Most of all KEEP SHOOTING!


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For me.....the journey was about......
Old 03-21-2003, 10:05 AM   #3 (permalink)
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......learning to see compositionally, vs. learning poses. Once you learn that process, which is more about line and form, light and shadow, than about posing, then you will begin to create your images in a consistant way. The consistancy, is what allows the style to develop. Until you can become consistant in your approach, the style will not become recognizable.

The vision in making images, is primarily a concepting approach, where you "think" an image, then determine how to make it happen, follow that up with a preliminary test of the concept, and then final shoot it.

Most really great images have a lot of planning and preparation, that set them apart from other images. However, you must have a concept to begin with, so you have a "road map" of where you are going, and how to get there.

To learn to see compositionally, you would benefit from seminars with the mentors who specialize in that approach. One of those people is Jay Stock. He has a remarkable ability to help others learn to see compositionally. Seek out the photographers who have proven they can teach others, and who can share unique ways of doing things.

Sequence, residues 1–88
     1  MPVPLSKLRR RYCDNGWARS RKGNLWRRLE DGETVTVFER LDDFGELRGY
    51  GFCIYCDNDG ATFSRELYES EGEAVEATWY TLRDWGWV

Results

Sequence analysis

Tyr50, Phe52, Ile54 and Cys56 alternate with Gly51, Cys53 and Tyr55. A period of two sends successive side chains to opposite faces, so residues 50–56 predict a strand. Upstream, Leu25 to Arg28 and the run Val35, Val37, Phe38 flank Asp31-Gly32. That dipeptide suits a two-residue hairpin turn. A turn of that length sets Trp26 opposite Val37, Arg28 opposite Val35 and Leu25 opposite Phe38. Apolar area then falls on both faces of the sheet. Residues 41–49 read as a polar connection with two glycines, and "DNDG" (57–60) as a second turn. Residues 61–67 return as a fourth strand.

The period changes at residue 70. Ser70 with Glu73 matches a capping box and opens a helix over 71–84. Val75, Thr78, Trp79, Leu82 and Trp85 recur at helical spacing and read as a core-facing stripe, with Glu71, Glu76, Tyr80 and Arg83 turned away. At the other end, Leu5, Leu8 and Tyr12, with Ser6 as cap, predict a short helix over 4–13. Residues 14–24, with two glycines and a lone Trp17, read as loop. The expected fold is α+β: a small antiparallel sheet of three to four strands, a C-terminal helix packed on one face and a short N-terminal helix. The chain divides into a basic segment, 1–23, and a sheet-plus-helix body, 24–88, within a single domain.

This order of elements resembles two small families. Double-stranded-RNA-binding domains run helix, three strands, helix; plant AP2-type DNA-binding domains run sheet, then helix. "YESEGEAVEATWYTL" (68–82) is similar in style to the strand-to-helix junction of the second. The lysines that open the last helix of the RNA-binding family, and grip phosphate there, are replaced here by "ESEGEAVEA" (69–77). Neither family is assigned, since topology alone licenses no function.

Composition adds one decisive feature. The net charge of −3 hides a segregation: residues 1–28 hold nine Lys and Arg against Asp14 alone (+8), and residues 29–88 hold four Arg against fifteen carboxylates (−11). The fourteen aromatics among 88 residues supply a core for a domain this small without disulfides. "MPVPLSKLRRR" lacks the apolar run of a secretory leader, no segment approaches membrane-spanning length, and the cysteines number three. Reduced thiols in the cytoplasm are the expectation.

Realize though, that there are different learning "methods", and that each of us usually learns best in only 1-2 of those methods, and then to a lesser degree with other methods. Again, I became very enlightened, when I was tested for learning method and found that I only excelled with one particular method, and that other methods were vastly inferior, for me personally. It is worth the effort to take that test, to know what works best for you, so you can familiarize yourself with the mentors that use the methods that are best for you, and then spend your training time, with those specific people.
Probably premature for me to address this, but...
Old 03-21-2003, 10:23 AM   #4 (permalink)
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For me now, it's one question: What do I want my images to say, or suggest, or imply, or shout, etc.

Getting to the answer to that is a matter ofelimination, in part. I know that I do want my photos to say "elegance, refinement, sophistication, beauty-without-crudenes, etc.

This clarity reduces a vast amount of possible styles, poses, composition, etc.

Secondly, using music as an anology.

To develop a musical style, it is first UNAVOIDABLE to develop some facility just playing the instrument. It is just NOT possible to develop a style or vision, without the basic technical facility to play notes correctly.

Secondarily, after simple technical facility, it's nessecary to begin to master playing in the style of a specific musical genre (genres plural comes later), such that any listener can say: "That's rock" or "That's jazz" or "Thats' country".